Profile of Melanie RodierSenior Editor and Head of Video
Member Since: 5/8/2014
Blog Posts: 1304
Melanie Rodier has worked as a print and broadcast journalist for over 10 years, covering business and finance, general news, and film trade news. Prior to joining Wall Street & Technology in April 2007, Melanie lived in Paris, where she worked for the International Herald Tribune, and Rome, where she wrote for Reuters and Screen International, a film trade publication. Melanie was born in London, and graduated from Oxford University where she studied Spanish and Italian. She is also a fluent French speaker.
Articles by Melanie Rodier
posted in January 2013
The new platform offers a different user experience, but this might not be enough to reverse the company's slide.
Larry Tabb of TABB Group recently discussed with WS&T senior editor Melanie Rodier how firms are adapting their data management processes to the post-financial-crisis environment.
When the SEC suspects an organization is involved in fraud, the investigation can last for months, if not years.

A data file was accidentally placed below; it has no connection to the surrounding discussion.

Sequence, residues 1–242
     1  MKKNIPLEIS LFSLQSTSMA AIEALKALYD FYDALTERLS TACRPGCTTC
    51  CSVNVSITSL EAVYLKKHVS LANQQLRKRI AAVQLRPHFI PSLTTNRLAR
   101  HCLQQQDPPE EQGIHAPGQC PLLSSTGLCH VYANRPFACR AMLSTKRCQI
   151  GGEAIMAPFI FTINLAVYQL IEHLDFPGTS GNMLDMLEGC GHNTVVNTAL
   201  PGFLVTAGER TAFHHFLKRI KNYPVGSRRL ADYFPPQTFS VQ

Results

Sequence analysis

Some observers have serious reservations about the former John Gotti prosecutor.
Meanwhile, 95 percent of firms said they are already trading swaps or other OTC derivatives.
Across the financial sector, the mood at the water cooler has improved, according to the latest survey from eFinancialCareers.
Tech professionals in seven cities in the U.S. witnessed double-digit raises.
Deutsche Bank’s director, and head of algorithmic execution for listed derivatives and foreign exchange in the Americas, Greg Wood, recently sat down with WS&T to talk about some controversial risk measures that can safeguard the markets.
The iPad is continuing to gain steam among finance professionals, but financial institutions that are winning the mobile game are following certain rules.
JP Morgan's managing director of electronic execution, Neal Goldstein, recently sat down with WS&T to discuss how new FPL risk guidelines can address the financial industry's risk management pain points.
As tech budgets stagnate, banks are finding new ways to boost efficiency outside their IT walls.
The Financial Crimes Enforcement Network is working on a rule that could force hedge funds to blow the whistle on themselves.
Regulators have eased requirements for liquidity rule originally designed to protect the global financial system.
The figures are disappointing, the report suggests.